6. Connect the second, fourth, sixth and eighth wires from the top to the positive 28 (+) post of a well - grounded, low - impedance fence charger providing at least 2000 volts.
  7. Connect the top, third, fifth and seventh wires directly to ground. The top wire should be negative for lightning protection.
  8. Clear and maintain a 6 - to 12 - foot open area outside the fence so deer can see the fence.
  9. Apply a molasses - peanut butter mixture to the hot wires using a mop glove. This will encourage deer to touch the fence with their noses or tongues.

Maintenance includes weekly fence inspection and voltage checks.

Repellents and Frightening Devices

Some types of deer repellent are organic. Contact repellents are applied directly to plants, causing them to taste bad. Area repellents are placed in a problem area and repel by their foul odor. Repellents are generally more effective on less preferred plants.

Apply repellents on a dry day with temperatures above freezing. Treat young trees completely. Older trees may be treated only on their new growth. Treat to a height 6 feet above the maximum expected snow depth. Deer browse from the top down. Hang or apply repellents at the bud or new growth level of the plants you wish to protect.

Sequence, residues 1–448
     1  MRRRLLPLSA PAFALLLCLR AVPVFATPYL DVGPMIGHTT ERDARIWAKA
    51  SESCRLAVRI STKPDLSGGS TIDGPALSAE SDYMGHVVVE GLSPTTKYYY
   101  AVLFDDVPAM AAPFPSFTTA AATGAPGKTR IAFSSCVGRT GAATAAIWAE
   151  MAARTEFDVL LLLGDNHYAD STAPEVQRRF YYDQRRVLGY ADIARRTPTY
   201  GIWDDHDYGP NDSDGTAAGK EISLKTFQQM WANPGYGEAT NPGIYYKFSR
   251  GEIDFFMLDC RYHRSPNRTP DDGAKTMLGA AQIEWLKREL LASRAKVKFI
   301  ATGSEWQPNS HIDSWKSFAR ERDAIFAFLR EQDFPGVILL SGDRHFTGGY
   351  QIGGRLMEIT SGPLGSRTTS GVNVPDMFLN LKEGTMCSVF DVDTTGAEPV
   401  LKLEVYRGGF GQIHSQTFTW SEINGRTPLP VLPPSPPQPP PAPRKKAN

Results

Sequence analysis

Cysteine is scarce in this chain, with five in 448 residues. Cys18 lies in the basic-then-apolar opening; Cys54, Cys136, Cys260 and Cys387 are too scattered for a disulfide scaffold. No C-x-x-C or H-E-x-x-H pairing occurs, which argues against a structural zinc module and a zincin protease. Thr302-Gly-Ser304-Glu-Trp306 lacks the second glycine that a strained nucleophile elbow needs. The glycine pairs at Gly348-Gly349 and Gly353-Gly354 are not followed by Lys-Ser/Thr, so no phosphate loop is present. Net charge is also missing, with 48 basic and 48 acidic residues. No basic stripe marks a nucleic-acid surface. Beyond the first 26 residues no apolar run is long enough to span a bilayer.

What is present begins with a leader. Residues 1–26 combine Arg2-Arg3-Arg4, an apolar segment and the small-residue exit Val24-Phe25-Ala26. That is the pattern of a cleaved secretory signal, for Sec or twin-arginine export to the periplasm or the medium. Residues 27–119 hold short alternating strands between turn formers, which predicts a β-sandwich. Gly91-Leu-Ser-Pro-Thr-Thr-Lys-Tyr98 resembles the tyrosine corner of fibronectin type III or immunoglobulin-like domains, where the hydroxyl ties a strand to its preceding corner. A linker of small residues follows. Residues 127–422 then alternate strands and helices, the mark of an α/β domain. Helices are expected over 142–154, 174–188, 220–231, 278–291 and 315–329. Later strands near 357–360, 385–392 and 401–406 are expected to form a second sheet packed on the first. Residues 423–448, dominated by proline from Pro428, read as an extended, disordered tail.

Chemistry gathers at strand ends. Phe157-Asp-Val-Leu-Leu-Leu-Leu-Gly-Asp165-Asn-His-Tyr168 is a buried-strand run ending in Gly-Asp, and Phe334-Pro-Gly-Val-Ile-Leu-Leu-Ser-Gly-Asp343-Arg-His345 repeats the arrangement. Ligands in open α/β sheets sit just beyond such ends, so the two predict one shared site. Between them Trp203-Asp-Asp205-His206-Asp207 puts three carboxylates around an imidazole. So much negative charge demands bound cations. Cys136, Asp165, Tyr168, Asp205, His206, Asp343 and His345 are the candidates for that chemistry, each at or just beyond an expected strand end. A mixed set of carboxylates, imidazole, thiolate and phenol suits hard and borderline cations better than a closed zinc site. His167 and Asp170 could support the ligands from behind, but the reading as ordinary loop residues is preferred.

A spray of 20 percent whole eggs and 80 percent water is one of the most effective repellents. To prevent the sprayer from clogging, remove the chalaza or white membrane attached to the yolk before mixing the eggs. The egg mixture is weather resistant but must be reapplied in about 30 days.

Home-remedy repellents are questionable at best. These include small, fine - mesh 29 bags of human hair and bar soap hung from branches of trees. Deer have been reported to eat the soap bars. Materials that work in one area or for one person may not work at all in an area more highly frequented by deer.

Tying a dog near garden areas will often repel deer.

Ultrasonic devices have not proven to be effective deer repellents in research trials.

Motion activated scare devices work well to keep deer out of an area. Most spray water from a connected hose or a water reservoir. They are solar or battery powered. Several manufacturers such as Havahart® and Guardener® have models that work well.

Other Methods

Regulated hunting should be considered as a method of deer population control in areas where it is legal. Landowners should be intricately involved in harvest decisions such as hunter numbers, hunting locations, safety rules, and sex and age of harvested animals. Remember: harvest of a buck removes one deer from the population; harvest of a doe removes that animal, her future offspring and her offspring’s offspring.


Much of the information presented here was adapted from S.E. Hygnstrom (1994) in Prevention and Control of Wildlife Damage, University of Nebraska, Lincoln, NE. Ideas from Colorado State University Extension were also included. This information is for educational purposes only. Reference to commercial products or trade names does not imply discrimination or endorsement by the Montana State University Extension Service.